But then again I am a big bore lead pig :p
 

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The upper end of my "big bore" fun ends with 44 cal. The 454, 475 and 500s are more than I wish to inflict on my self. The bullets I'm running out of 41 and 44 mags have .300 meplats. Enough for what I want to hunt. Although I have some trial 270 gr 441s with an enormous meplat. Have to get those loaded for trial.
 

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In my expreience you cannot have to much PENITRATION and the larger the caliber that penitration provides the better. I think that Elmer Kieth was more correct than OConner was in this aspect. I have gone to larger caliber and feel that they are superior to smaller caliber always. Even if the game does run after a solid hit they leave a better blood trail with a bigger hole in and out.

As for the priemium bullets not having and advantage I disagree. Nosler partition. Barnes X, Swift, Winchester failsafe, Speer Grand Slam and several others are quite expensive, but compared to the total cost of any hunting trip they are cheap even if you pay a dollar each. You spend more than than that on a sandwich for lunch. After all your time and hunting the single thing that the whole hunt depends on is a good bullet getting enough penitration to get to the vitals of an animal to kill them. To me the extra price for the premium bullets is cheap compaired to lost game due to a poorly performing bullet. I also believe that heavy for caliber bullets do better even at the expense of flatter tragectory.
 

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Let us all remember what Linbaugh said along with Taylor. Larger heavier bullets have a much better knock down rate then a smaller bullet.

Option A) Get hit with a depleted uranium, jacketed in tungston carbide and copper bullet the size of BB at 7000fps. It goes all the way through you and leaves a hole the size of a BB


Option B) Get hit with a 12guage slug from 50 yards. Only goes in 3/4 of the way and leaves a 70 caliber hole.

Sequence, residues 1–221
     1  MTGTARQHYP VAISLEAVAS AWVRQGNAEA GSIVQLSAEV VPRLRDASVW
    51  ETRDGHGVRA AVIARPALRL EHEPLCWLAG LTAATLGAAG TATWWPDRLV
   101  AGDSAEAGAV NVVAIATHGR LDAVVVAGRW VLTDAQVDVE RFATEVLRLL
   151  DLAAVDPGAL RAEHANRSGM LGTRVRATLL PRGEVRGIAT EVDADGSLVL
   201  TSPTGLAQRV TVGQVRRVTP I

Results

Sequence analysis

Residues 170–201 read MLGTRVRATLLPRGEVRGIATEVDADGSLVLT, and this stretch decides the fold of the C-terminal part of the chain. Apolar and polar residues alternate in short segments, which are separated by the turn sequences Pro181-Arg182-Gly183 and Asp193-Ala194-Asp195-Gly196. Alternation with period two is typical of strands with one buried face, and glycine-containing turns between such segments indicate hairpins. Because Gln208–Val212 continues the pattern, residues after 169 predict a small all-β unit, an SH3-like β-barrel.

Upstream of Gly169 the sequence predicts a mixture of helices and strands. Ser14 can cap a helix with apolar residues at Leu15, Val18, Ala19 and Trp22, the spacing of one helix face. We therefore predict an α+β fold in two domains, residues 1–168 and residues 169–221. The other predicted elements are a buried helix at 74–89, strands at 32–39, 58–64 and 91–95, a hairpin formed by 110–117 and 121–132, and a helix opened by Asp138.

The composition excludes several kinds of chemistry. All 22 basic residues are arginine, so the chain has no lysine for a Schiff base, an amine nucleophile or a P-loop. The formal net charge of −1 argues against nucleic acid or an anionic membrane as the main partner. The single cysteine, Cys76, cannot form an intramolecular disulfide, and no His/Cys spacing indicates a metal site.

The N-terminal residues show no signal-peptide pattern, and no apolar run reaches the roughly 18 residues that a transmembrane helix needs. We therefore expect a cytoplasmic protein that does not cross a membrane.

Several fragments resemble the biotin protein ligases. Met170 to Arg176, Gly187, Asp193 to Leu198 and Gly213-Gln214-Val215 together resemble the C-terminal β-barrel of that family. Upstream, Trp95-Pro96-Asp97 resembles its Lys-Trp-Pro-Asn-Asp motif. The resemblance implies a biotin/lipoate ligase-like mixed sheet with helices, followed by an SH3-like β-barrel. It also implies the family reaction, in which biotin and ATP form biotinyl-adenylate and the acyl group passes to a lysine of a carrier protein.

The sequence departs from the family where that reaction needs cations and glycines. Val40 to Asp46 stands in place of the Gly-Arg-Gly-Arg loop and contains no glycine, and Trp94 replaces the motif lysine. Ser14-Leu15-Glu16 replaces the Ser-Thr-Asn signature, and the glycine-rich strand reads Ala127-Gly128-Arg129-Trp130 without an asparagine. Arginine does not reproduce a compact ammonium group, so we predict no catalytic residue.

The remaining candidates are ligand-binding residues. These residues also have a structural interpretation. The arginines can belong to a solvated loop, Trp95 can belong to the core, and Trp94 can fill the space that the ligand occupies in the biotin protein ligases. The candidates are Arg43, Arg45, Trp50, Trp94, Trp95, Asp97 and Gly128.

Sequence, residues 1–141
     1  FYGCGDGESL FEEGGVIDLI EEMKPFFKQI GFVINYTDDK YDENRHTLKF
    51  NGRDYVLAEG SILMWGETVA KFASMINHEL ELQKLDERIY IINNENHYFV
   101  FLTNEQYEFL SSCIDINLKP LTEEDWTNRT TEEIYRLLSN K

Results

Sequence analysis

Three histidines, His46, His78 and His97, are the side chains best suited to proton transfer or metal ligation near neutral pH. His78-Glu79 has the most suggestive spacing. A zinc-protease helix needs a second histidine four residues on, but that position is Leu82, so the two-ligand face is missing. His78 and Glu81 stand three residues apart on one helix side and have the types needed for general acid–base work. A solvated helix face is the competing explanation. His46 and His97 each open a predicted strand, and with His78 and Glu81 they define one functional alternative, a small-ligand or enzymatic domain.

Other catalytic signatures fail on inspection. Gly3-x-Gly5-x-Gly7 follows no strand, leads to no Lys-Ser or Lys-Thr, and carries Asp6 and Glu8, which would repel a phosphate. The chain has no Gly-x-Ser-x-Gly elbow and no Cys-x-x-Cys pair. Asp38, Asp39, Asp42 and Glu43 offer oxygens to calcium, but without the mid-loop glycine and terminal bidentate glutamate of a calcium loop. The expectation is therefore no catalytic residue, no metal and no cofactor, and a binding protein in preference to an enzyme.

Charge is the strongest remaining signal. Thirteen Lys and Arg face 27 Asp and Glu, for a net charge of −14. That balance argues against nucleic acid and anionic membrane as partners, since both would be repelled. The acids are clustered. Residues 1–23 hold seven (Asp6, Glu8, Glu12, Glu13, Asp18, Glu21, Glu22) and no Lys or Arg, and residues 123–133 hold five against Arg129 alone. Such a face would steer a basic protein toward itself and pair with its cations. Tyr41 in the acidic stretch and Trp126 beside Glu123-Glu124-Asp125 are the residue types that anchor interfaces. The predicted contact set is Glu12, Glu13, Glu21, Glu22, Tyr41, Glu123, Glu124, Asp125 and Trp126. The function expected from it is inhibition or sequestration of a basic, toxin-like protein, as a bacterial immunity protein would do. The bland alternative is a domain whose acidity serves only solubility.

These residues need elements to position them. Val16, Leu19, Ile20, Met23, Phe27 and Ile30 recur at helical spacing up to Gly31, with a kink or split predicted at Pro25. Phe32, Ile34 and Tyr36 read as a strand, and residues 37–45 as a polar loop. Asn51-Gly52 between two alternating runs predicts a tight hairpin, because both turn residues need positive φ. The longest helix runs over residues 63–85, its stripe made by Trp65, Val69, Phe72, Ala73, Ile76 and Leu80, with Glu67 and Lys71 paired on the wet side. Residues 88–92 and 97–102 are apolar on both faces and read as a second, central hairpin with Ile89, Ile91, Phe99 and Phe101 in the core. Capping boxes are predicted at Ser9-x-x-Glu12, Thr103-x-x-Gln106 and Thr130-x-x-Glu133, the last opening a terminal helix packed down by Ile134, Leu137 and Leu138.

For those who always say "shot placement" well I can kill a moose with a hand thrown dart. I better not miss! But why use a dart when you can use a .338/.378 Weatherby and blow a hole the size of a softball thru the moose? :D
 

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Actually, a copper bullet the size of a BB at 7,000 fps PROBABLY will NOT go all the way through. Because of its low momentum it will create a very wide but shallow cavity and then stop.
 

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Wasn't it Elmer Keith that said he prefered large caliber bullets because they "let a lot of air in and a lot of blood out"?

The air part is important because any opening in the thorax has the capacity for causing a collapsed lung, whether it hits the lung or not. As the diaphragm moves down instead of air being sucked into the lung it is sucked through the wound into the thorax thereby collapsing the lung.
 

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ALl I want in a jacketed bullet (alternate title: In praise of the "stupid" bullet).

Is something utterly reliable about a big, dumb, stupid bullet...one that doesn't know how to play tricks and is too lazy to transform itself into somehting it is not. No points to be driven back into cavites to open pre-stressed jackets, no leaving part of itself strewn about as other parts continue to move forward in what is hoped to be a straight line, no color cooordinated hats, internal comberbuns, or molly rain coats. Just a big dumb bullet, jacket and core bonded together.

Long and heavy when it hits, it has the quailities needed to penetrate...all you have to do it place it in line with the internal structure you wish to have a hole through.

All I want is a bullet, once placed on the game's outside in line with the internal parts I want holed, that penetrates and expands along the way...stays in one chunk...and if possible, is found about 1 foot the other side of the critter. that last is near impossible, so rather than making an error in too little pentration, will err on the side of a bit too much.
 

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The Troll Whisperer (Moderator)
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Discussion Starter #18
Well said, ribbonstone! :D
 

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I can agree with most of the original post except about big bore ( big and slow bullets) ! I like big holes on both sides -two big holes leak more then one or two very small holes. Plus I know if needed ( for game that bites back) I can break bones and end the fight.
 

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Energy, shock and a nice mushroomed bullet just under the off side hide mean nothing.

The destruction done to vital tissues by the wound channel, exit or not, means everything.